One of the first reading assignments I had in architecture was Kevin Lynch’s The Image of the City (PDF link to the intro and chapter 4). A few quotes from his introduction explain the focus of his studies. “This book will assert that legibility is crucial in the city setting.” How does the general public, or a group of citizens, absorb the city around them and create coherent mental images or structures, a diagram of the city. The book was published in 1960 and represents research conducted from the five years prior. It is hard to say on initial glance how broad a cross section of citizens were interviewed for the book. The quotes below show an interesting mix of searching for clues from the general public, and understanding how imagery can manipulate those same masses of people.
“Environmental images are the result of a two-way process between the observer and his environment. The environment suggests distinctions and relations, and the observer-with great adaptability and in the light of his own purposes-selects, organizes, and endows with meaning what he sees.”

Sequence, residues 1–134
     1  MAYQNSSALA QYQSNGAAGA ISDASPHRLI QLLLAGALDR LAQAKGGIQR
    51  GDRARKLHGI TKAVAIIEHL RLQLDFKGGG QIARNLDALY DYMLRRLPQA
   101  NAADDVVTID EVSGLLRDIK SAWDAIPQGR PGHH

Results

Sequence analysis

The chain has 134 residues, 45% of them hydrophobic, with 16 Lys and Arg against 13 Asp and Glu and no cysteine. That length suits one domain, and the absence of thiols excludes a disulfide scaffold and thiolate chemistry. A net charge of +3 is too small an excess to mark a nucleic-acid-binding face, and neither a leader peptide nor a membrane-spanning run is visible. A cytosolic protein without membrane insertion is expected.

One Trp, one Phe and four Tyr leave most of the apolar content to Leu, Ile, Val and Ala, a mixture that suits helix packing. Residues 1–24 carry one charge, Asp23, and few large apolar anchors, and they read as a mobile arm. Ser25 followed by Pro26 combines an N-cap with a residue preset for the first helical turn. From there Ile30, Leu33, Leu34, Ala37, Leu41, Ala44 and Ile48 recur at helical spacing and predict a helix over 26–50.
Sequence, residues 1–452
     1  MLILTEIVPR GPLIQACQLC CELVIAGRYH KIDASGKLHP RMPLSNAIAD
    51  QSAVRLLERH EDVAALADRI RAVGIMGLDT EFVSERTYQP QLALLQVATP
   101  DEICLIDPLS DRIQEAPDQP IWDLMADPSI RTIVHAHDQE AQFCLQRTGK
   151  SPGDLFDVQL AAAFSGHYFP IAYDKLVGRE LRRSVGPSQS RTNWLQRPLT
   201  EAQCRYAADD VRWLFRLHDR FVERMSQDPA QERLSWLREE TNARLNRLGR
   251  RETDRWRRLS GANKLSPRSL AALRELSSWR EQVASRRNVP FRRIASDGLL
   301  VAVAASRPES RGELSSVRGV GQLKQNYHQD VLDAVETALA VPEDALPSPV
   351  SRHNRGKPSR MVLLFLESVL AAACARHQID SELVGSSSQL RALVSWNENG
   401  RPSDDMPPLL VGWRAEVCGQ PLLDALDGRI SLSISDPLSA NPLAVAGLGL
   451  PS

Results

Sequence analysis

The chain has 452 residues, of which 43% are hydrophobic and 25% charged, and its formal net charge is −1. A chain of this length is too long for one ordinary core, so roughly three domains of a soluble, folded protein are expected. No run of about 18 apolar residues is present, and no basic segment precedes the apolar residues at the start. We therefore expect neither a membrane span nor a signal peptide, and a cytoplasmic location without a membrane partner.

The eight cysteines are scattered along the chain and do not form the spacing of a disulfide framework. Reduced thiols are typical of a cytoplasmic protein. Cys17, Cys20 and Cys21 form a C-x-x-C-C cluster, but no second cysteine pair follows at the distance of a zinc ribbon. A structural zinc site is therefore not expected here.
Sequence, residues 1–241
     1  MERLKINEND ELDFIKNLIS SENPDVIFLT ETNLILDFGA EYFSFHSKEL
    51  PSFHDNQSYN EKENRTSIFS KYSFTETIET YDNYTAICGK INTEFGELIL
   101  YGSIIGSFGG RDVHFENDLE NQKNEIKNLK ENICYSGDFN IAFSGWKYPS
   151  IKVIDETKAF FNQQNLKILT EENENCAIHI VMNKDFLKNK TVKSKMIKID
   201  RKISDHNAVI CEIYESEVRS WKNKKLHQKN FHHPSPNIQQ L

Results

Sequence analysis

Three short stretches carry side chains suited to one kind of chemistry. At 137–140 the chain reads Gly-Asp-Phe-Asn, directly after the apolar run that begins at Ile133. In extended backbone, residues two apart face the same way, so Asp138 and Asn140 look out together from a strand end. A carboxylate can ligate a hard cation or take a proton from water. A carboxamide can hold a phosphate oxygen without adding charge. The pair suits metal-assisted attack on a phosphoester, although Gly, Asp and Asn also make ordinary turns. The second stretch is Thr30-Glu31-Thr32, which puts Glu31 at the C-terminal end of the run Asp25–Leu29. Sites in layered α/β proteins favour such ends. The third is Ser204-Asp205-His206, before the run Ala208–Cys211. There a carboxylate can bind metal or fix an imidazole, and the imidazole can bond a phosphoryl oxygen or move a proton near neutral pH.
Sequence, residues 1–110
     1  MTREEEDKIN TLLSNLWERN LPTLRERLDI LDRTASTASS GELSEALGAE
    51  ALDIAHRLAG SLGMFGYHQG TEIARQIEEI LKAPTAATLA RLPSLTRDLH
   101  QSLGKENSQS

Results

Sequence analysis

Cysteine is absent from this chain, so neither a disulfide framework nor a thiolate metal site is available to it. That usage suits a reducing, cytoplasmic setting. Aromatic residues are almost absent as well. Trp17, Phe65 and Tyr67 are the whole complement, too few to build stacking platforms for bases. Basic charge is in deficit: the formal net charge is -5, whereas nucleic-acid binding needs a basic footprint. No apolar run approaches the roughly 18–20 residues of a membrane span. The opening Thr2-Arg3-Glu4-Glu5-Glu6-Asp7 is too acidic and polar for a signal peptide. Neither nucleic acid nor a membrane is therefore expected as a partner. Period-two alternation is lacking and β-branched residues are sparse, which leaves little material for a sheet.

“…the “public images,” the common mental pictures carried by large numbers of a city’s inhabitants: areas of agreement which might be expected to appear in the interaction of a single physical reality , a common culture, and a basic physiological nature.”
“Group images of meaning are less likely to be consistent at this level than are the perceptions of entity and relationship. Meaning, moreover, is not so easily influenced by physical manipulation as are these other two components [identity and structure]. If it is our purpose to build cities for the enjoyment of vast numbers of people of widely diverse background-and cities which will also be adaptable to future purposes-we may even be wise to concentrate on the physical clarity of the image and to allow meaning to develop without our direct guidance.”
“Since image development is a two-way process between observer and observed, it is possible to strengthen the image either by symbolic devices, by the retraining of the perceiver, or by reshaping one’s surroundings. You can provide the viewer with a symbolic diagram of how the world fits together: a map or a set of written instructions. As long as he can fit reality to the diagram, he has a clue to the relatedness of things.”